Just like us, mushrooms breathe in oxygen and release carbon dioxide. If there is too much Co2 the mushrooms cannot breathe and may not develop correctly. Higher Co2 usually results in longer stems and smaller caps because the mushrooms are growing upwards, like they would through the soil, searching for fresh oxygen and the right environment to fruit, mature, and release their spores.  

Every time you go to mist your kit, use the lid of the tote to vigorously fan fresh air into the container. Co2 can pool at the bottom of the container and sometimes fanning by hand just isn’t enough. It’s a good idea to take the kit completely out of the container periodically and wave the container around or blow a fan directly into the tote for just a few minutes once a day. You can also set the container outside with the lid off for a few hours on overcast days, mornings, evenings, or shaded areas to really ensure proper ventilation.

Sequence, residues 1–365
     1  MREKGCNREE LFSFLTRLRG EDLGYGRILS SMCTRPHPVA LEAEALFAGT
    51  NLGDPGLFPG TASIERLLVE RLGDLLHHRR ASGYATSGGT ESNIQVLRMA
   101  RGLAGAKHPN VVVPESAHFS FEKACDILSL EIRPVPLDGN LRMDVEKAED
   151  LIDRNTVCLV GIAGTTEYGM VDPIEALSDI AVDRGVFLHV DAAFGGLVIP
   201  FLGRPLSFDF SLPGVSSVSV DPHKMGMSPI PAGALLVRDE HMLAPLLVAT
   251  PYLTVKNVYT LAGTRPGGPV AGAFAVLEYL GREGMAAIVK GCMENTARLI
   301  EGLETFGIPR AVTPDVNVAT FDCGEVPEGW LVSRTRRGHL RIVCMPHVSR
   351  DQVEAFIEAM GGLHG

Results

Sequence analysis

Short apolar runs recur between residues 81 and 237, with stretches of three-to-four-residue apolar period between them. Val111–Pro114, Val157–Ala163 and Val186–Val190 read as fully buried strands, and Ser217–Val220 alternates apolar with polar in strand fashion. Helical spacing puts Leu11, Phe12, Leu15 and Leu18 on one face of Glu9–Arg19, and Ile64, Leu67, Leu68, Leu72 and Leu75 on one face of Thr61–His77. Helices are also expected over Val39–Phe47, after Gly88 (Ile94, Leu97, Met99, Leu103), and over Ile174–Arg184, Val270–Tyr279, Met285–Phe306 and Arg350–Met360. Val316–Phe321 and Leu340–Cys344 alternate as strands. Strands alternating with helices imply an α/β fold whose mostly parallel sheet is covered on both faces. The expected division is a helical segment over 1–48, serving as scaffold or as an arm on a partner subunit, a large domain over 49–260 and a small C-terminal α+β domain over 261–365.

Time to Harvest

4. The mushrooms should be ready to harvest in another 5-7 days. Each variety is a little different when reaching maturity and best time to pick:

Oysters

Once the cap/outer edge of the mushrooms have flattened out and are less turned under. Put your hands at the base of the cluster and gently rock back and forth until it breaks free. Careful! Sometimes they like to jump off of the block.

Chestnut/Black Poplar

These are ready to harvest once the cap has opened up and becomes more hemispherical but before they become flattened or concave. Also if you look at the underside of the mushroom, once the mushroom veil starts to break away from the stem. Grab the base of the cluster and gently rock it off of the block